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Journal Article

Citation

Langley AK, Nadeem E, Kataoka SH, Stein BD, Jaycox LH. School Ment. Health 2010; 2(3): 105-113.

Copyright

(Copyright © 2010, Holtzbrinck Springer Nature Publishing Group)

DOI

10.1007/s12310-010-9038-1

PMID

unavailable

Abstract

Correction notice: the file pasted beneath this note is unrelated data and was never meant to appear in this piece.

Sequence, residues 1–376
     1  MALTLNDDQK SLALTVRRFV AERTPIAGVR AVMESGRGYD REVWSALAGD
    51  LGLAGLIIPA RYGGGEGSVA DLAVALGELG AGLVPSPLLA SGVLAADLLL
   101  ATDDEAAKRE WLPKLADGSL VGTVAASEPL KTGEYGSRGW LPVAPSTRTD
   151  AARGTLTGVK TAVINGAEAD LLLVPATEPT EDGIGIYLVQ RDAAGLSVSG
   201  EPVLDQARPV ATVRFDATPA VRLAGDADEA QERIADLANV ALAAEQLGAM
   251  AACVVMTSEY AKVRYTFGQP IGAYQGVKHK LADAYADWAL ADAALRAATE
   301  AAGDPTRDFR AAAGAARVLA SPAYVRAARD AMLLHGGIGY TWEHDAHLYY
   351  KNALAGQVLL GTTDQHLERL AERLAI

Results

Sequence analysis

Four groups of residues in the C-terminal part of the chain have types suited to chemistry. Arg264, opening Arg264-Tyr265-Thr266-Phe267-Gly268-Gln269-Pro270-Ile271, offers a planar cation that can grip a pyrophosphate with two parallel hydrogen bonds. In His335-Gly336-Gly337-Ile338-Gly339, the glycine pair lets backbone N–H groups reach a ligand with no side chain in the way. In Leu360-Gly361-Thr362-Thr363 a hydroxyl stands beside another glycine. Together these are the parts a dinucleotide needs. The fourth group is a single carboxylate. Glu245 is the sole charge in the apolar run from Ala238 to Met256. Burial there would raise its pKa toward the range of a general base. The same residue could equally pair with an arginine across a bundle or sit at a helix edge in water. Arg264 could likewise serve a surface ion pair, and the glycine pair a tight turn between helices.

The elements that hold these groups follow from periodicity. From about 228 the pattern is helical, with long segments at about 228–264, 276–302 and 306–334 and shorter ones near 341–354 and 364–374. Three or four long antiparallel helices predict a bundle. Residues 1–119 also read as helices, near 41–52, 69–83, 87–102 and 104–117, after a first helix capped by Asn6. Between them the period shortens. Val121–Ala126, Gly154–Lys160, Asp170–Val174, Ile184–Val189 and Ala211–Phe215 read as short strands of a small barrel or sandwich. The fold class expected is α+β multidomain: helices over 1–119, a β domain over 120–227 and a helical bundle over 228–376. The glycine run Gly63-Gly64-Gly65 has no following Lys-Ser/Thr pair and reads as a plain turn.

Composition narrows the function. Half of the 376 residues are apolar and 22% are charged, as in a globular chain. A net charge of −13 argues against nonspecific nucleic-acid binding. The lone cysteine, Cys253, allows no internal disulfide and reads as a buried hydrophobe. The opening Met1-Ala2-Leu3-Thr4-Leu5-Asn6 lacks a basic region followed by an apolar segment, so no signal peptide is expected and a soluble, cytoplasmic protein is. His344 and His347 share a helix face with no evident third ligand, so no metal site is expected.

Although schools can improve children’s access to mental health services, not all school-based providers are able to successfully deliver evidence-based practices. Indeed, even when school clinicians are trained in evidence-based practices (EBP), the training does not necessarily result in the implementation of those practices. This study explores factors that influence implementation of a particular EBP, Cognitive Behavioral Intervention for Trauma in Schools (CBITS). Semi-structured telephone interviews with 35 site administrators and clinicians from across the United States were conducted 6–18 months after receiving CBITS training to discuss implementation experiences. The implementation experiences of participants differed, but all reported similar barriers to implementation. Sites that successfully overcame such barriers differed from their unsuccessful counterparts by having greater organizational structure for delivering school services, a social network of other clinicians implementing CBITS, and administrative support for implementation. This study suggests that EBP implementation can be facilitated by having the necessary support from school leadership and peers.

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